GB-60 is a stainless steel Zahner product featuring a diffused, non-directional surface with ambient reflectivity. The finish is produced using a mechanical glass bead blasting process. The GB-60 process was first developed for architectural applications requiring diffused reflectivity.
In the late 1800s, a patent was filed by Benjamin Chew Tilghman for an abrasive blasting technique to be used on bottles, cleaning boilers, and bringing out the grain in wood. Tilghman had supposedly seen the effect of wind-blown sand on glass while a general in the United States Army.
Nearly a century later in the 1990s, the bead-blasting technique had been used in a number of industries. However, architectural metals at the time were limited to directional finishes such as the tried and true No. 4 finish on stainless steel. The issue with these finishes is that they reflect light in a linear pattern, as opposed to scattering light, which gives reflected light a more sensual glow.
In the early 1990s, the architects at Kohn Pedersen Fox (KPF) were developing a palette for the IBM Headquarters in Armonk, New York. The goal was to create a modern non-directional finish which would reflect light in a more satin or matte effect.
There were no manufacturers or mills providing a metal surface in this fashion, so KPF Associates worked with A. Zahner Company to develop the finish as an in-house product. The building was completed in 1997, uses this finish.
Aesthetic Qualities of GB-60 Stainless Steel
The most popular use of GB-60 is to create satin aesthetics on stainless steel. The finish is bright but diffuse, almost crystalline in appearance. GB-60 stainless steel is characterized by a soft, grainy reflection. Direct light reflecting off the surface is diffused by the multitude of small overlapping impact craters. The surface appears bright and deep in full sunlight. On cloudy days, it takes on the appearance of pewter. Low sun makes it glow purple and reddish silver.
South facade for the National September 11th Museum.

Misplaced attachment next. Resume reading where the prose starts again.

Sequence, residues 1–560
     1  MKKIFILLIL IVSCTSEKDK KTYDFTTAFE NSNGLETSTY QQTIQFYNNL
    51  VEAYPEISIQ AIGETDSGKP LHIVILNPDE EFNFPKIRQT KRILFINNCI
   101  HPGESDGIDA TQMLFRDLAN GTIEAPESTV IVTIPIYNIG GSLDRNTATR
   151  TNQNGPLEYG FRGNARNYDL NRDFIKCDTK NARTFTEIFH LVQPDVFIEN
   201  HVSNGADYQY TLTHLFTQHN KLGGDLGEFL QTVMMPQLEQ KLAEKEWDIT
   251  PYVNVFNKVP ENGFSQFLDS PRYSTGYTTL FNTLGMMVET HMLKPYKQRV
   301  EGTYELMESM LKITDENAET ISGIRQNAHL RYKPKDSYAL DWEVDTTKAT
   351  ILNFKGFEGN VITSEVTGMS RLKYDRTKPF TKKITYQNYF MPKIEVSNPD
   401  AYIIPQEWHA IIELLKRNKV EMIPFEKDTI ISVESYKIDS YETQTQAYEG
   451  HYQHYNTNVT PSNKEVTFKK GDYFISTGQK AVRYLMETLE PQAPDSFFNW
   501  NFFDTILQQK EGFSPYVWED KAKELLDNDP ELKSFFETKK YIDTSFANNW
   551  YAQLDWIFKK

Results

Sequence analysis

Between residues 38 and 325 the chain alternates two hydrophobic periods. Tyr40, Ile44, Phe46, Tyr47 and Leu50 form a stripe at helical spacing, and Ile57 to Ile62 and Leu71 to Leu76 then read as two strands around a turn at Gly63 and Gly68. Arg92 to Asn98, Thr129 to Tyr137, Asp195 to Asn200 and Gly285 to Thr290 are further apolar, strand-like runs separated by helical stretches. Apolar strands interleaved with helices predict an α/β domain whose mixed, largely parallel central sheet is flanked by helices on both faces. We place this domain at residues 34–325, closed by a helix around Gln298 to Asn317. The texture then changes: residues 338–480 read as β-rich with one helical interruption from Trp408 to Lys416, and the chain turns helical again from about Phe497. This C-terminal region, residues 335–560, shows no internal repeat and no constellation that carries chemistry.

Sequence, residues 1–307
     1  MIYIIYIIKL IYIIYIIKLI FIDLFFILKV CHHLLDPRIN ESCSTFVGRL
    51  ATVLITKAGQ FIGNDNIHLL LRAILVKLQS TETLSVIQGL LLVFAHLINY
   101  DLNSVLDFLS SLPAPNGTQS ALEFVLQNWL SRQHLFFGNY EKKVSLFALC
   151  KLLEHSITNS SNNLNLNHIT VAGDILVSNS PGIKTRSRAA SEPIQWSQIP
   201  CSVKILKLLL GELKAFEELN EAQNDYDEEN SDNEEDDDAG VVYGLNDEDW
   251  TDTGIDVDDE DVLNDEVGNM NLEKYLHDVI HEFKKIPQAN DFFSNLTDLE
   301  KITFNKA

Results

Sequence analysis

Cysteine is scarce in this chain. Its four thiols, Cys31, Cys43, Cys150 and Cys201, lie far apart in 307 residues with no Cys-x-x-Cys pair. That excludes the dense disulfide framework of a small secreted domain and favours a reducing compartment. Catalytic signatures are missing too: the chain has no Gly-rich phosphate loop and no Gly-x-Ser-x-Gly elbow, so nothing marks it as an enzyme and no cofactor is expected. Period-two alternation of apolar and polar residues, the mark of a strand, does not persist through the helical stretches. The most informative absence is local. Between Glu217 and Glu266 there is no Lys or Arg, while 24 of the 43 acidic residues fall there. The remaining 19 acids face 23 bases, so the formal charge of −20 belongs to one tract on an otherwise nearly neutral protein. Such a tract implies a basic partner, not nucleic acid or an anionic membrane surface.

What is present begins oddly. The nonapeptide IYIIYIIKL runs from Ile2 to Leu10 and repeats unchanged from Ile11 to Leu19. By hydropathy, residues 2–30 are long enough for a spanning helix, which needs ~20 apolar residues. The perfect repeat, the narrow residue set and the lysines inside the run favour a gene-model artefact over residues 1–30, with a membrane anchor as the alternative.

To understand the reflectivity, take a look at the comparative gloss readings when compared with standard reflective or Angel Hair stainless steel. This data shows Angel Hair Process applied to a base material with a 2B finish. If you apply Angel Hair to a No. 8 polished base material or a bright annealed base material, you can achieve a variety of reflective properties.
The GB-60 finish is a nondirectional satin finish applied by the kinetic impact of small glass spheres onto the surface of a metal. The material itself is distinguished by its spherical form. Several sizes are available, each of which can create subtle differences on the finish. See product information and specifications here.
How GB-60 Surfaces are Manufactured
The impact of the blasting to the metal surface creates a small indentation. The indentations are rounded, and they tend to overlap. This overlapping crater produces light-scattering behavior, effectively diffusing the reflectivity.
Note that this is not a cleaning process. If the surface of the metal has dirt, scratches, or even fingerprints, blasting will not remove these. On the contrary, it will fix the grease or fingerprint into the surface, making it impossible to remove.
The process involves feeding glass beads from a hopper into a high-pressure stream of clean, dry air. The outlet sprays the beads at high speed onto the surface of the metal. The glass beads that impact on the surface can shatter. The shattered beads are removed in a separator, and the spherical beads are recycled back into the hopper.
The process seems simple, but because of the reflectivity of stainless, it is far more sensitive to minor variations in the blasting process. To achieve a consistent surface careful control of the blasting application is critical to eliminate hazing and mottling in the reflection.
Selective polishing can produce uniquely decorative designs on metals through special resists. The exposed regions of the metal surface receive textured polishes by blasting or brushing, resulting in an alternating reflectivity that gives the design a highlighted appearance.
The resist materials can be a laser-cut rubber film, photo-resist, or plastisols applied by silk screen. These processes can be further refined to achieve fine detail by using photoresists. Many designs are possible through these techniques, as showcased in Zahner’s work for CVS Las Vegas and the September 11 Muesum.
Detail of the stainless steel panels for CVS pharmacy, Las Vegas
Striating stainless steel panel system used on the 911 Museum facade.
Stainless Steel Surfaces: A Guide to Alloys, Finishes, Fabrication and Maintenance in Architecture and Art (Architectural Metals Series)
By L. William Zahner
Stainless Steel Surfaces, the first in Zahner’s Architectural Metals Series, provides a comprehensive and authoritative treatment of stainless steel applications in architecture and art. It offers architecture and design professionals the information they need to ensure proper maintenance and fabrication techniques through detailed information and full-color images.